My 2-year-old son, Tom, was such a mummy’s boy, we nicknamed him Oedipus. Don’t get me wrong: he really loved his dad but he was far more interested in me, to the extent that he’d planned our wedding down to the last detail (bride and groom both in pink dresses). My hubbie was relegated to a gooseberry whose parenting confidence visibly shrank each time his son said, “Go away! I only love mummy!”
So one evening, Hubbie and I sat down with a bottle of red wine and came up with an action plan. I needed to butt out and daddy needed to be more hands on. The result: six months later, young ‘Oedipus’ is now a dedicated follower of daddy, and has decided to marry his sister instead of me.
He and I will always be close, but Tom now has a really special father-son relationship, too. Whether they hero-worship dad or are tied to mum’s apron strings, lots of children go through a stage of preferring one parent to another. While common sense tells us it’s just a phase and we shouldn’t take it personally, it can be really hard on the shunned parent.
Why do children have favourites?
“I’d say that all children have ‘favourites’, but some show their preference more overtly than others,” explains child psychologist Linda Blair. “Children instinctively create ‘pecking orders’ to make sense of the world they live in – it’s completely normal behaviour.”
According to Linda, there are lots of factors that can affect how your child relates to each parent.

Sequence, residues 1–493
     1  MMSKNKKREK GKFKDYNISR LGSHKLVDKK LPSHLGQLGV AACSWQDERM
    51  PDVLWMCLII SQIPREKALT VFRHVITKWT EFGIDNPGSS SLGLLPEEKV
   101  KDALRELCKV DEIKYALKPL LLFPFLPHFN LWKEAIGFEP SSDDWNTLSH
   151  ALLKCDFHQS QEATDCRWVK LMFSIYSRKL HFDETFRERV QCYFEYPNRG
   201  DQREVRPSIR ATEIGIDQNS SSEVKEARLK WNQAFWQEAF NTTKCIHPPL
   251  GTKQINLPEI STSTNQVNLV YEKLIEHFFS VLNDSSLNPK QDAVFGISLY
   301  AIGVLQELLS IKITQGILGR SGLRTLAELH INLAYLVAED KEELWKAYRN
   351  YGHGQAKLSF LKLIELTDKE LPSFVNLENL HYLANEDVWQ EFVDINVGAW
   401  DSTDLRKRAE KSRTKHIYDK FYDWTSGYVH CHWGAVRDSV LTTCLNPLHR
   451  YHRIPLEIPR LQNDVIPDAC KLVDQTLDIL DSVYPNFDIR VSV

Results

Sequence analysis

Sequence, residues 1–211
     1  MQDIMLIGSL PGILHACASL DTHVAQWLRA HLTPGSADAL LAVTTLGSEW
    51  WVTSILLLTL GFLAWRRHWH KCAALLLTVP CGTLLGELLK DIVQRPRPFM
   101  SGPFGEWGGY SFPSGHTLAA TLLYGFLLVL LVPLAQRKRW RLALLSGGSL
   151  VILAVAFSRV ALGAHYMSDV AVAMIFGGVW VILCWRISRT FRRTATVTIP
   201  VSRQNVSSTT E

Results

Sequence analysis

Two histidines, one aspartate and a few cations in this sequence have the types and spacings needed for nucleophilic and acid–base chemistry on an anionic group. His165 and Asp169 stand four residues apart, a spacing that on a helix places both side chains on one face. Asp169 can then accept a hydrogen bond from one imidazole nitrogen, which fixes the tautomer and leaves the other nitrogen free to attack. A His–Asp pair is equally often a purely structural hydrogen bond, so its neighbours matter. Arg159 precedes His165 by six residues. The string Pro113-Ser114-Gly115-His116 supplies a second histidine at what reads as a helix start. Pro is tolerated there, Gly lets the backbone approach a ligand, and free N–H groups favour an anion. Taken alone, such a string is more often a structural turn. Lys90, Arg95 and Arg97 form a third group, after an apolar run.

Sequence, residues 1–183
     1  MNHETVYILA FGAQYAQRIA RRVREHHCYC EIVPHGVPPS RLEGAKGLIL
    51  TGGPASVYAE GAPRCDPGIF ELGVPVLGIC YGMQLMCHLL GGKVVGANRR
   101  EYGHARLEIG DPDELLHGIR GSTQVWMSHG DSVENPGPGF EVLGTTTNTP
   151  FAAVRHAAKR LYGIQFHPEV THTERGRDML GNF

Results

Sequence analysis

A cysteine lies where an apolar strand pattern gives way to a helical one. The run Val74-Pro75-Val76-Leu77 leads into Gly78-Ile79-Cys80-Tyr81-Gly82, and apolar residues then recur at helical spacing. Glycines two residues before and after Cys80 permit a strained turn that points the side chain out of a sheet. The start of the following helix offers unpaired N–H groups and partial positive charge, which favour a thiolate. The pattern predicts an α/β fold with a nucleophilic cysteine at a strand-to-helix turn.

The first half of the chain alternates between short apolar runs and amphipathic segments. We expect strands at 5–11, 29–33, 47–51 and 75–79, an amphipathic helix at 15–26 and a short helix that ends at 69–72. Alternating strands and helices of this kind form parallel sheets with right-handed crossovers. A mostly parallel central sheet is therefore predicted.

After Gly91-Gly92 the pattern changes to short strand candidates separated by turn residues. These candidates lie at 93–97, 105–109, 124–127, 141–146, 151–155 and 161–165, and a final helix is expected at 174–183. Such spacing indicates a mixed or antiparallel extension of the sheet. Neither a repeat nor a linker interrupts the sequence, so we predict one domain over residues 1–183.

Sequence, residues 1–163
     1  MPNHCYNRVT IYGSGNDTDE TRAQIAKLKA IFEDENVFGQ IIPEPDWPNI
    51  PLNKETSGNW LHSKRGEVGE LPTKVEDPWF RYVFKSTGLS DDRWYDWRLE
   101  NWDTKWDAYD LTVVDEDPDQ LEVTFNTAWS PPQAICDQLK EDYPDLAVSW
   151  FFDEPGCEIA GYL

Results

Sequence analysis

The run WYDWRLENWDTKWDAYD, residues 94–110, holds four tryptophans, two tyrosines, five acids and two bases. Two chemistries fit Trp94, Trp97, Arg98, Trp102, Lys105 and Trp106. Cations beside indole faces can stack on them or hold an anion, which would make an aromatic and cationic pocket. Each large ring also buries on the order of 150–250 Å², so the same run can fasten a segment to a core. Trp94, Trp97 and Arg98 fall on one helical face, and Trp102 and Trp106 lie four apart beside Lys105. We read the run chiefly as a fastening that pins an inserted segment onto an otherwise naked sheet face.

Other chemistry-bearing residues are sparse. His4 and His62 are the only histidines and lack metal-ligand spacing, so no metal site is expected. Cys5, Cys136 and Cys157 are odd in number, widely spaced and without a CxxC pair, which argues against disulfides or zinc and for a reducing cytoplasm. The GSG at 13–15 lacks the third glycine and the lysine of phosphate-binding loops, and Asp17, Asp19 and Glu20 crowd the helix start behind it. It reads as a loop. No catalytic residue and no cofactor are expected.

Up to 3 years, children tend to be closer to the main carer. Between 3 and 5, they become interested in gender roles and may gravitate towards the parent of the same sex.
Division of labour
If ‘fun-time’ dad builds train tracks and serves up ice cream, while ‘eat-up-your-greens’ mum washes up and chases you with a nit comb, favouritism may hardly be surprising!
A parent who has less contact with their child may seem more exciting than one who’s around all day. But being around your little ones is not the same as being with them: when it comes to kids, it’s the quality of the time, not the quantity, that counts.
Children are quick to perceive if one parent is more of a pushover than the other, or if one is approachable while the other is distant. Inconsistency is difficult for a child to understand, so may be divisive.
When they’re tired, ill, or in need of reassurance, children naturally want the ‘nurturing’ parent – usually the main carer. We all have different strengths as parents, and assume greater importance to our children at different times.
Shared interests or hobbies create close bonds between parents and their offspring. This may change as the child grows and develops new interests.
If parents are bickering, children may feel that they have to take sides, especially if mum and dad try to involve the children in their disputes.
Preferential treatment of one parent may be a way of getting attention, especially if it gets a reaction. This kind of attention-seeking behaviour could be indicative of other underlying issues.